Unless you purchased the concrete directly from the ready-mix supplier, you really should be communicating with the contractor who you have a contract with. I say this from experience, as I once had a customer who decided to completely side-step me & go directly to the supplier. I actually found out about the problem a week or so later from the supplier. Things didn't go well because of the approach the homeowner took. I, as a contractor who pours a few thousand yards of concrete with that specific supplier, have far more pull with the supplier, and can certainly get superior results.
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Old 08-04-2011, 02:17 PM   #7
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Granpa -

The local standards (codes or building and safety) usually determine the materials used, thicknesses, etc. to make it legal and keep you out of jail. They are minimum standards and not necessarily the right way to do it.

The preparations, placement and finishing or the planning may also be a cause for the "cracks".

Was there a permit and any inspections?

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Old 08-04-2011, 03:10 PM   #8
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I told the contractor frist about the the cracks he could not explain the problem and said he was sorry. I trust this contractor and watched every step. I told him if does my drive way do not use this ready mix co. And a premit was pulled. The same thing happen to a friend of mine but the ready mix co. denied any was wrong doing it just happens. I think if I would have a core sample analyzed then go to court, more costs. I think they got me by the short hairs.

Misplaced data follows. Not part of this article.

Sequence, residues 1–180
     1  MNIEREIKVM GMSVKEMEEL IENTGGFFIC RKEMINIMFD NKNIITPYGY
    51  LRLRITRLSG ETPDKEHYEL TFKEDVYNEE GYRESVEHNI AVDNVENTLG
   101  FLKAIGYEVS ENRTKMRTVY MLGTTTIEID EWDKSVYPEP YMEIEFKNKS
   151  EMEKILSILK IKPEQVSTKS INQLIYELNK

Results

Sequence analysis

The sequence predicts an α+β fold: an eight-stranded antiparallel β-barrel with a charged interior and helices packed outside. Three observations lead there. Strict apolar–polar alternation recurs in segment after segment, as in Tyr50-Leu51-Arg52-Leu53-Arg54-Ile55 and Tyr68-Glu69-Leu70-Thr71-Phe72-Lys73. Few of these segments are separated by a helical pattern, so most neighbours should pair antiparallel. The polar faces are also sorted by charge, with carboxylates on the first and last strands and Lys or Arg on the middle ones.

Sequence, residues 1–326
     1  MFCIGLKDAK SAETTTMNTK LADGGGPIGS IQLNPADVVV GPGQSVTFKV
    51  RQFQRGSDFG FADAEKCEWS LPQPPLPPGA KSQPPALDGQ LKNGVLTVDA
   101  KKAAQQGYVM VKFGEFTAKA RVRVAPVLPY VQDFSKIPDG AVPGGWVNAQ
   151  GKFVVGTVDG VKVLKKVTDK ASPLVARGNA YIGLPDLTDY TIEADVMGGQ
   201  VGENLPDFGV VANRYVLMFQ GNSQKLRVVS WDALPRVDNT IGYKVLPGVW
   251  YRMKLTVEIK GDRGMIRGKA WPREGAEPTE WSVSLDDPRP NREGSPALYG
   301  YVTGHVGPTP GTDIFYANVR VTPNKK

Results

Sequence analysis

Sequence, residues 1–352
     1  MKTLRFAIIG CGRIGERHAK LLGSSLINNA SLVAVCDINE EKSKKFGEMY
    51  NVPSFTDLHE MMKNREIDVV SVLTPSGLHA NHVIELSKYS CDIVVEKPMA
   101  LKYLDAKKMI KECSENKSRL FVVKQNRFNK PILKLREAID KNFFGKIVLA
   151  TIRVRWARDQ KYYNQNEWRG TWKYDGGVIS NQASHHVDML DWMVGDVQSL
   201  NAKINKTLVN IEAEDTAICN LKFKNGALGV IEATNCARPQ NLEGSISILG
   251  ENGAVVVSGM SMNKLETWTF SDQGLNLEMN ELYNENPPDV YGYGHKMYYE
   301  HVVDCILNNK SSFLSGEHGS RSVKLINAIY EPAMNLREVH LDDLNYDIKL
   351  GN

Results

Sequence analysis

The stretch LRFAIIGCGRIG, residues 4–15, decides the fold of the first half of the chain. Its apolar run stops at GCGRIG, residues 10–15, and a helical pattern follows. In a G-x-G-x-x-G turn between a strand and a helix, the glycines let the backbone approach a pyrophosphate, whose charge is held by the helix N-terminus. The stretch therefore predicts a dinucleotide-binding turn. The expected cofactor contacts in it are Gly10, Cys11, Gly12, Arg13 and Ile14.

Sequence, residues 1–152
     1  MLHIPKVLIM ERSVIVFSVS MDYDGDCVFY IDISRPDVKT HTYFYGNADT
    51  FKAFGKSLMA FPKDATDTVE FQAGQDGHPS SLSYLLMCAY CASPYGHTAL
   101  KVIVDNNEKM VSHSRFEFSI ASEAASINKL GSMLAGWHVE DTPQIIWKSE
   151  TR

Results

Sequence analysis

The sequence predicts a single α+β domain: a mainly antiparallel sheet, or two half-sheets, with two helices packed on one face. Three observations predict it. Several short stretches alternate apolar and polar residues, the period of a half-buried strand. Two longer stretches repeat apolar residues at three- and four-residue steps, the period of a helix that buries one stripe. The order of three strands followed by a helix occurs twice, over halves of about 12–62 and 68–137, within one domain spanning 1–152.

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Old 08-04-2011, 03:24 PM   #9
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Did he saw, or tool, control joints in it? If so, when? How big is the floor? How big are the squares, if he did saw them?
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Old 08-04-2011, 05:20 PM   #10
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A core sample will do nothing to show it was the fault of the ready-mix company. The contractor is responsible for the placement, finishing, reinforcement AND any addition of extra water to make the job easier.

Many ready-mix companies do require that a delivery ticket must be initialed by the contractor that extra water is added. This is usually done as added insurance from poor preparation, planning and placement/finishing that the supplier has no control over.

Jomama45 accurately addressed the jointing that should have been determined in advance since it is critical for slab.

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Old 08-05-2011, 06:43 AM   #11
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Bad concrete


What strength mix did you get. was the load hot when it was being poured,